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C reating a great church website starts with being crystal clear about who the website is for. Your church website can’t be everything to everyone. And for church websites, the most important group to serve is visitors. 

Your website will be your very first impression on many potential visitors to your church. And their experience with your website will play an important role in determining if they decide to join you for worship. While your current members might visit your website every now and then, you have many other ways to connect with them. They aren’t depending on your website for information like visitors are.

When you’re considering what should be on your website, try to see it through the eyes of a visitor. What will be most important to them? What should they know about your church?

Qualities of a good website

  • Provides what you’re looking for: 
  • Digestible and engaging content
  • Clear and simple purpose for every page
  • Strong visual storytelling
  • Accurate and up to date 
  • Easy to navigate
  • Works great on your phone
  • Loads quickly 
  • Looks great

Where a website goes wrong

  • Doesn’t provide what you’re looking for
  • Confusing to navigate
  • Outdated or inaccurate information
  • Not enough information
  • Too much information 
  • Takes a long time to load
  • Hard to use on a phone 
  • Unattractive design

Six essentials every church website should have

These are the six essential items your church website absolutely needs to include in order to serve potential visitors well. There are many more things you could include on your website. There are even some I’d specifically recommend. (We’ll get to those a little later.) But ultimately, you could create an effective church website by just doing these six things justice. 

1. Church name and location

This might seem like a given, but sometimes the most obvious things get overlooked. You need to include the name of your church on your website—-the full name, not just the acronym members use. Put your church’s name front and center in the title of your homepage, your website’s name/URL, and in the design of both your homepage and the menu bar. 

Just like people, churches tend to share names with other churches. And when people look for a new church online, they’ll often search for “churches near me.” To ensure your church is easy for people in your area to find, it’s also very important to clearly establish your location.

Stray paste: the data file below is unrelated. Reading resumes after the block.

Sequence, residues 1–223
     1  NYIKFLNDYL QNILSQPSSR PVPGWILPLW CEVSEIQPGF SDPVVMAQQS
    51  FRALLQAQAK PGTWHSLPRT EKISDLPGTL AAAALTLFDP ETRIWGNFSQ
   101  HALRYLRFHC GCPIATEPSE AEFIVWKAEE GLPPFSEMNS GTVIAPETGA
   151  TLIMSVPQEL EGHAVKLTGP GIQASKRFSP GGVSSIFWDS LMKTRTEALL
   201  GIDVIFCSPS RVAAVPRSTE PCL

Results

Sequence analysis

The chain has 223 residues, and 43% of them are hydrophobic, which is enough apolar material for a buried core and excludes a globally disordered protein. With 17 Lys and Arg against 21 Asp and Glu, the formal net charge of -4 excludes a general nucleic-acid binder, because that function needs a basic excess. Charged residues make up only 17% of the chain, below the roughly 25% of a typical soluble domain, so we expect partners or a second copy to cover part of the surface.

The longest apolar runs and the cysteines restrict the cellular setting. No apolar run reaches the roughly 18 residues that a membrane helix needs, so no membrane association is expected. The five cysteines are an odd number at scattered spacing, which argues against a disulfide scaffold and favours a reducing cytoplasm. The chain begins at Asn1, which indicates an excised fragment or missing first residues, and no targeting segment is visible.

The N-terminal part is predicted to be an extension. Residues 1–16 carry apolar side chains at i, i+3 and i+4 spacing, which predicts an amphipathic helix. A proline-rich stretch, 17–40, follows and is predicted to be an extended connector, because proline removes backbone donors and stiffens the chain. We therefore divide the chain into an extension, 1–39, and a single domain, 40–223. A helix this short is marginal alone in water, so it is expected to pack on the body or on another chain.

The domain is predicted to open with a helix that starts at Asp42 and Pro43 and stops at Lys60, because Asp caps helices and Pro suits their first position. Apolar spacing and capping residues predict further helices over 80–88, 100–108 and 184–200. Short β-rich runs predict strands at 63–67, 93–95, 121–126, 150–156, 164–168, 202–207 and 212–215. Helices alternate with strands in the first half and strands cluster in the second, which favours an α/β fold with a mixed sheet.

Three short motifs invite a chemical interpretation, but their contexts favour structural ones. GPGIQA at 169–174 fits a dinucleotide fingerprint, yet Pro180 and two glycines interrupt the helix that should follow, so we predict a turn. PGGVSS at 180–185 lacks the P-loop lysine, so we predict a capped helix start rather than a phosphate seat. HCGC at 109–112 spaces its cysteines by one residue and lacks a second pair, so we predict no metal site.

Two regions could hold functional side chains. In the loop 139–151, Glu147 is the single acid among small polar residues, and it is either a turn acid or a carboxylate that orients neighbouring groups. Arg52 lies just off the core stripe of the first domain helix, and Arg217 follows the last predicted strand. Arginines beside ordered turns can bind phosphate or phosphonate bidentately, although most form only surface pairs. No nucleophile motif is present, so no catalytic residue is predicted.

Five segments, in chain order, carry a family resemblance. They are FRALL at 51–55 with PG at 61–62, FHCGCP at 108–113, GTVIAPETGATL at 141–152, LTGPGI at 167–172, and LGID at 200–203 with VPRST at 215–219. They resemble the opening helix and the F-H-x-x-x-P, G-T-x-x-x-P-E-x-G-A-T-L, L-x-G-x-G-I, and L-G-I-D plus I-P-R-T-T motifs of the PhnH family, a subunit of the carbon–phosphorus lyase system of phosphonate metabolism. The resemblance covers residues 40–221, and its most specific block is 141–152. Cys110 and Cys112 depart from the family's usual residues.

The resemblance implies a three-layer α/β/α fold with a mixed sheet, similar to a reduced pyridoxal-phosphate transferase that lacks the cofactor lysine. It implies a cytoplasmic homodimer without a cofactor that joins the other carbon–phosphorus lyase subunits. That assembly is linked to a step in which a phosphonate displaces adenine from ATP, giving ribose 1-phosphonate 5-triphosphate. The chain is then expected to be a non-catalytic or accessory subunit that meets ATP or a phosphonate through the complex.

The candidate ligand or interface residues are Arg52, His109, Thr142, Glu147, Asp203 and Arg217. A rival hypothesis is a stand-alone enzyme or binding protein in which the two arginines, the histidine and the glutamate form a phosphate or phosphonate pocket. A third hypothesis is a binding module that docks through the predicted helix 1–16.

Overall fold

Highlight your location in the text of your homepage meta-description (this is the technical lingo for a webpage description that shows up in search engine results). Include your specific location in the footer (the section at the bottom of a website where you see the copyright information) of every page on your website. You can even embed a pin of your location on Google Maps in the footer. 

2. Beliefs and mission

When someone is deciding whether to join or visit a church, they usually want to find a church that aligns with their beliefs and values. The theological spectrum of beliefs that churches hold is vast. So most people will want to get a sense of your church’s approach to Christian faith and practices before they commit to joining or even visiting. 

Everyone has different priorities, and some people might have more specific theological concerns than others. (For example, not every visitor needs to know your church’s beliefs about baptism, but that might be very important to some.) You don’t need to anticipate and address every theological question a visitor might have on your website. Just do your best to cover your church’s most important foundational beliefs. 

A good rule of thumb when you’re unsure about whether to include a belief on your website: If you need to agree with this belief in order to be a member of your church, it’s probably important enough to include.

3. An invitation to join